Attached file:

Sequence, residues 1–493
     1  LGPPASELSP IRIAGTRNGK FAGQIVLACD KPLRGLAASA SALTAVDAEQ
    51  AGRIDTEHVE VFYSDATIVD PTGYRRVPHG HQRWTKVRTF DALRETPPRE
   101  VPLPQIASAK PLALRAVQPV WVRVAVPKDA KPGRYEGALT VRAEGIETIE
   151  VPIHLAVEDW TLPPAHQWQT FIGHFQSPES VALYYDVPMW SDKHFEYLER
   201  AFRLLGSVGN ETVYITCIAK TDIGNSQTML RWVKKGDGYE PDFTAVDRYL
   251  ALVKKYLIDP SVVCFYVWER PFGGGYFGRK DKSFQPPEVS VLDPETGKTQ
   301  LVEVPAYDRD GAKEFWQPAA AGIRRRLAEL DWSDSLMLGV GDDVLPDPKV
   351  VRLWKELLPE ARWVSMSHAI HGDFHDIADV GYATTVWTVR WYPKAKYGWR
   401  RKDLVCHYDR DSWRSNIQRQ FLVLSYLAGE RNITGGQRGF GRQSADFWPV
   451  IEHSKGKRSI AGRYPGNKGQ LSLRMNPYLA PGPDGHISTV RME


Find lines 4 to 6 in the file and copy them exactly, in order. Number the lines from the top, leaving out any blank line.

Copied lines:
   101  VPLPQIASAK PLALRAVQPV WVRVAVPKDA KPGRYEGALT VRAEGIETIE
   151  VPIHLAVEDW TLPPAHQWQT FIGHFQSPES VALYYDVPMW SDKHFEYLER
   201  AFRLLGSVGN ETVYITCIAK TDIGNSQTML RWVKKGDGYE PDFTAVDRYL